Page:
What happens when a traditional jobber stocks all 100 numbers of the Brand "A" shock and stocks to a depth of three units for the top 20 movers? First of all, the dealer will find that, regardless of the application, the traditional jobber will have the job covered on the Brand A shock absorber line. Second, if the inventory depth is three for the top 20 numbers and two for the next 30 numbers, the chances of the shock absorber being out of stock is very low.
TIME EQUALS MONEY
Don't forget that time equals money in the automotive service business. To better illustrate, let's change our example from shock absorbers to brake pads so that we can see exactly how much a $12 "savings" affects the total price for a typical front-wheel single brake job.
A typical front brake service package might include cleaning and lubricating the caliper guides, turning the brake rotors, flushing the brake hydraulic system and torquing the lug nuts to specification. An average labor charge might be $140. If the shop bought the Brand A pads for $40 and marked them up 50 percent, it would charge $60 for the brake pads, which would retail the front brake service at $200 for parts and labor.
If, on the other hand, the shop bought the same Brand A brake pad for $28 and marked it up 50 percent, the pads would retail at $42, which would create a retail price for the front brake service of $182 for parts and labor. Notice that the shop buying the Brand A pad for $28 and marking it up 50 percent is making only $14 instead of $20 in profit.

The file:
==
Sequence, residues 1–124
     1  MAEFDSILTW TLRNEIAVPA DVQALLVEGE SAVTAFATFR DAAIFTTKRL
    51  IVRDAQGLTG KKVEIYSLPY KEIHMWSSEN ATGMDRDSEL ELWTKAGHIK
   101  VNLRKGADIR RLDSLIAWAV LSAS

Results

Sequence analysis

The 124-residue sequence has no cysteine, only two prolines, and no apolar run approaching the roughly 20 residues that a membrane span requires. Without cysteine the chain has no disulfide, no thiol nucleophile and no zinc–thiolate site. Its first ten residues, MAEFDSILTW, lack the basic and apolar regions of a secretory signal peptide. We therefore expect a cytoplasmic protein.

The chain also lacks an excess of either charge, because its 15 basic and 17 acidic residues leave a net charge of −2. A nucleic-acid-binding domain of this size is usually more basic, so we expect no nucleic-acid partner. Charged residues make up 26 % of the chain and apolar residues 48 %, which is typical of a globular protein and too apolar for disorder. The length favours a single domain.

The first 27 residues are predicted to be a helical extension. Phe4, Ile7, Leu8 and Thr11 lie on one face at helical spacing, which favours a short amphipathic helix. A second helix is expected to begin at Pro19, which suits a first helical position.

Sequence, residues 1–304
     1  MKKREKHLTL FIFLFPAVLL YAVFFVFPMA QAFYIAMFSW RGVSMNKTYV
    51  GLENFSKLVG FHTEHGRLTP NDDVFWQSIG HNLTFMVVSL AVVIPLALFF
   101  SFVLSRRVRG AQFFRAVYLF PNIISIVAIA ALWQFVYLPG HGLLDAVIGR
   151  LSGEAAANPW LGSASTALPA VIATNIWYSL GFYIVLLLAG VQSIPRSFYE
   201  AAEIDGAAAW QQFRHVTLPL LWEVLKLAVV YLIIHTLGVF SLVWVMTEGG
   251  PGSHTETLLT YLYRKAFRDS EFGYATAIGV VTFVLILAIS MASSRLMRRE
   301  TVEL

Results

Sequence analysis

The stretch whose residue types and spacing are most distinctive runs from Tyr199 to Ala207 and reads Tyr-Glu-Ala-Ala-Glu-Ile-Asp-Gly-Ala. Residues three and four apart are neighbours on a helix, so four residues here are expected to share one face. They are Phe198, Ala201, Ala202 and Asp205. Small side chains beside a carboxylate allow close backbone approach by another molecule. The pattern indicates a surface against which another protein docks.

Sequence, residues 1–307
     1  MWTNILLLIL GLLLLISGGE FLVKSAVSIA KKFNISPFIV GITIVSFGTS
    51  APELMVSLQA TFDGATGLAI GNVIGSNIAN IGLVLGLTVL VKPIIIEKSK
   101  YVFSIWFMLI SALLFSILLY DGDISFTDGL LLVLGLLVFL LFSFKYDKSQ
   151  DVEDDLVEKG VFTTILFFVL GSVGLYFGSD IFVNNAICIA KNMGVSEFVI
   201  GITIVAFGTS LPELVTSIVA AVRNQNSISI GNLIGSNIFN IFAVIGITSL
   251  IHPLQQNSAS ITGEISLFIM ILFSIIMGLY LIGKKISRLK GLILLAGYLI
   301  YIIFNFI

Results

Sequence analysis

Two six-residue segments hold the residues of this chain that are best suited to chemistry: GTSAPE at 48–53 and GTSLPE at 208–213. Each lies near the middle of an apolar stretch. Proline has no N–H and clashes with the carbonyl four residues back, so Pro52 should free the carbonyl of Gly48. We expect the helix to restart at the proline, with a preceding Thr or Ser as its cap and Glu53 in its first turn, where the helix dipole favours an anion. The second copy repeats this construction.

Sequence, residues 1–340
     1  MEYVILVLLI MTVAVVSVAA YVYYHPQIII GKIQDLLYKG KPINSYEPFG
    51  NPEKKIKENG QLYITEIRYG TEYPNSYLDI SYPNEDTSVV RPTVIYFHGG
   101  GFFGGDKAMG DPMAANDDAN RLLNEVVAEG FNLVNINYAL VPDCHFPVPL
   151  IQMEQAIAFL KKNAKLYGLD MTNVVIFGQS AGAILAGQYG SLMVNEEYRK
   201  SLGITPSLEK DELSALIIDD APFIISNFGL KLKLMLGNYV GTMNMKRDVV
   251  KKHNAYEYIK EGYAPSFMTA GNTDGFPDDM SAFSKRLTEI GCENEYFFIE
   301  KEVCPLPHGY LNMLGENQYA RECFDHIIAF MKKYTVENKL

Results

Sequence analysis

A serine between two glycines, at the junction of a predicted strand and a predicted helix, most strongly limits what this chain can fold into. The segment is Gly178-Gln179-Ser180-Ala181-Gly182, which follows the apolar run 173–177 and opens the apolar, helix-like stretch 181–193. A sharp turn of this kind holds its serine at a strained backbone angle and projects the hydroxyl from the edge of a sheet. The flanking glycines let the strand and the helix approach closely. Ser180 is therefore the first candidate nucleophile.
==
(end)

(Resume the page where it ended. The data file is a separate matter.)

Not that any shop is going to make more money by spending more on parts. But the true value of any automotive replacement part is most often represented by the services that accompany it. A $12 savings rapidly vanishes, for example, if the store selling it isn't prepared offer a tech hotline service that will help correct a brake squeal problem or offer a satisfaction-guaranteed performance warranty on the brake pads. Nor do the savings represent a real value if the store is hesitant to restock the brake pads when the customer postpones doing the brake job in the first place. And, considering that most shops bill time at least a dollar per minute or $60 per hour, if the wait time exceeds 12 minutes, the initial $12 savings disappears even before the pads are installed.